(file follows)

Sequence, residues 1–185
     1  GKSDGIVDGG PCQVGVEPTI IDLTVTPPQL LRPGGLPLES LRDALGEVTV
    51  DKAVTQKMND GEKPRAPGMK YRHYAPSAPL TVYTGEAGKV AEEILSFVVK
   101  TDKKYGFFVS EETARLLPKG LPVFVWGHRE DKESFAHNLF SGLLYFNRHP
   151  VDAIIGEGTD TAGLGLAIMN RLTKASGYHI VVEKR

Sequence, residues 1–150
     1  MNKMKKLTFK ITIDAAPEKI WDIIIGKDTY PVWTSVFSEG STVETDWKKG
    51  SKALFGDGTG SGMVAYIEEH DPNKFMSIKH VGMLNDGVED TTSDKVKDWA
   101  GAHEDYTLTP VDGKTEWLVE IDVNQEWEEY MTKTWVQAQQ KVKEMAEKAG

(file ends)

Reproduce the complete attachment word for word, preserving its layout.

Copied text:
Sequence, residues 1–185
     1  GKSDGIVDGG PCQVGVEPTI IDLTVTPPQL LRPGGLPLES LRDALGEVTV
    51  DKAVTQKMND GEKPRAPGMK YRHYAPSAPL TVYTGEAGKV AEEILSFVVK
   101  TDKKYGFFVS EETARLLPKG LPVFVWGHRE DKESFAHNLF SGLLYFNRHP
   151  VDAIIGEGTD TAGLGLAIMN RLTKASGYHI VVEKR

Sequence, residues 1–150
     1  MNKMKKLTFK ITIDAAPEKI WDIIIGKDTY PVWTSVFSEG STVETDWKKG
    51  SKALFGDGTG SGMVAYIEEH DPNKFMSIKH VGMLNDGVED TTSDKVKDWA
   101  GAHEDYTLTP VDGKTEWLVE IDVNQEWEEY MTKTWVQAQQ KVKEMAEKAG